Amanda Lough, PhD
Department of Biodiversity, Earth and Environmental Science
I like to describe myself as a traditional seismologist working in non-traditional settings. I started out as a classically trained geologist with an interest in earthquakes and volcanoes. I decided to focus on earthquakes and spent the majority of my graduate career identifying and studying earthquakes local to Antarctica. In the course of that project I found a group of earthquakes associated with a subglacial volcanic complex which brought me back to my interest in volcanoes. My current focus of research is looking into the seismic events associated with volcanoes, both those in eruptive cycles and those in quiescence. In particular, I am looking at a type of event called a DLP (deep long period seismic event) that has been recognized at a (limited) number of volcanoes but not fully understood. These events should provide us a unique opportunity to study mantle/crust interaction at a variety of locales. In addition, I am also interested in all long period and deep volcanic events and I continue to look at the seismicity unique to Antarctica. My work is highly field based as many of the areas I am interested in studying do not have permanent seismic networks. Prior to my arrival at Drexel, I participated as a team member in deployments in the Isparta Angle of Turkey, the eastern plateau of Antarctica and the Island of Four Mountains in the Aleutian Islands of Alaska.
Amanda Lough started as an assistant professor in the Department of Biodiversity, Earth, and Environmental Science at Drexel University in 2016. She came to BEES from her post-doctoral fellowship in the Department of Terrestrial Magnetism at the Carnegies Institution for Science in Washington D.C. Prior to her post-doc at DTM, she earned her doctorate and masters from Washington University in St. Louis, Missouri. She earned her Bachelor of Science, Summa Cum Laude, with departmental honors from the University of Missouri-Columbia. While at the University of Missouri she was invited to join the Phi Beta Kappa honors fraternity as one of the top ten juniors in the college of arts and science.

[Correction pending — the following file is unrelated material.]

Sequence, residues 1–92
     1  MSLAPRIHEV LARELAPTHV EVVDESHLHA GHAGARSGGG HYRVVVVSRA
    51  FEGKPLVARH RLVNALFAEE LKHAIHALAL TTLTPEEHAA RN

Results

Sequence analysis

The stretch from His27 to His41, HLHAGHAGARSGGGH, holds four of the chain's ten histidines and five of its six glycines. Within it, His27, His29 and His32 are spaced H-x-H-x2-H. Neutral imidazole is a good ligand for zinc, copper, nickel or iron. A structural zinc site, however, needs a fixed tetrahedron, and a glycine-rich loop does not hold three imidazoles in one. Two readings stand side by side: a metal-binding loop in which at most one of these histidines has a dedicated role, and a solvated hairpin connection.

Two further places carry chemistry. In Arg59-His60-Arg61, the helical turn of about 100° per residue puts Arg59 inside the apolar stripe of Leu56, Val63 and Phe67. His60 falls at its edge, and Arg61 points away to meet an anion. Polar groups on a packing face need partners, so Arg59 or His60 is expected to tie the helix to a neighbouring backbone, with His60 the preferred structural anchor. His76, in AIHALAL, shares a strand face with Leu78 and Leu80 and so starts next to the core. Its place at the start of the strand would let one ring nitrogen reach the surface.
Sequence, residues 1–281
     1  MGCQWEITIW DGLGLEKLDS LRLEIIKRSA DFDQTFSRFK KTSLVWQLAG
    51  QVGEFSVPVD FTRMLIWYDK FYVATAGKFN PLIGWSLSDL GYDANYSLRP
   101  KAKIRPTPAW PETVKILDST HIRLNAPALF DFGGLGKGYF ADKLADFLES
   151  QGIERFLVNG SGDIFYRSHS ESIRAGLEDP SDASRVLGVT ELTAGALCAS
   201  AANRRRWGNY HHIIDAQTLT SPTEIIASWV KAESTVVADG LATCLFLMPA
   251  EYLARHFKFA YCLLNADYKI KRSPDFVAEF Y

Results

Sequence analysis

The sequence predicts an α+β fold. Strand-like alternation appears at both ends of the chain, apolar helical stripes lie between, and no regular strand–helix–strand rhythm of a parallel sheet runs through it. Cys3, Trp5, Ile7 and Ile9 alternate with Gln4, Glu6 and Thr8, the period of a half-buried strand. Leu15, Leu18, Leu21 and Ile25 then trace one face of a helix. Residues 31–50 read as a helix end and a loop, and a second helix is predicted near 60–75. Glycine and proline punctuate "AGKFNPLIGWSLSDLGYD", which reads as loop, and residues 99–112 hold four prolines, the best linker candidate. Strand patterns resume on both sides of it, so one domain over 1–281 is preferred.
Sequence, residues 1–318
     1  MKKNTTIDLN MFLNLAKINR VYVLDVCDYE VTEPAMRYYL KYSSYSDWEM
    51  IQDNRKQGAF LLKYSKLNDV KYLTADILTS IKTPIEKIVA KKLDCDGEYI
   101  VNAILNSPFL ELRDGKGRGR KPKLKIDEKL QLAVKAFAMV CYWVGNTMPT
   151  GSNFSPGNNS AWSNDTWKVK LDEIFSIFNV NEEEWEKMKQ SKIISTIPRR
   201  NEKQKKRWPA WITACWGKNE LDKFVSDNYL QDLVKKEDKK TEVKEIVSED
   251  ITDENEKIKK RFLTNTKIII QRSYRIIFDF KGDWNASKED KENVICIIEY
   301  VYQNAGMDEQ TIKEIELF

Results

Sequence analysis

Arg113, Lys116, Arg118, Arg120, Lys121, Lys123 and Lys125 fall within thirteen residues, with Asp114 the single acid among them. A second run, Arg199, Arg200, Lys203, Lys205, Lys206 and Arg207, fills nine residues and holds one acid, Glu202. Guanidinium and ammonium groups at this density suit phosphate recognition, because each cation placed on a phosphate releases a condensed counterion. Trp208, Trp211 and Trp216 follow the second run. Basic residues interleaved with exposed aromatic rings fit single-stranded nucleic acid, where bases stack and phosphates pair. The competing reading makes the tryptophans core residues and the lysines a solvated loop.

- Lough, A. C., C. G. Barcheck, D. A. Wiens, A. Nyblade, and S. Anandakrishnan (2015), A previously unreported type of seismic source in the firn layer of the East Antarctic Ice Sheet, J. Geophys. Res. Earth Surf., 120, 2237–2252, doi:10.1002/2015JF003658.
- Lough, Amanda Colleen, "Studies of Seismic Sources in Antarctica Using an Extensive Deployment of Broadband Seismographs" (2014). All Theses and Dissertations (ETDs). Paper 1319. openscholarship.wustl.edu/etd/1319, doi: 10.7936/K7TH8JRC.
- Lough, A.C., Wiens, D.A., Barcheck, C.G., Anandakrishnan, S., Aster, R.C., Blankenship, D.D., Huerta, A.D., Nyblade, A., Young, D.A. and Wilson, T.J. (2013), Seismic detection of an active subglacial magmatic complex in Marie Byrd Land, Antarctica, Nature Geoscience, 6(12), 1031-1035, doi: 10.1038/ngeo1992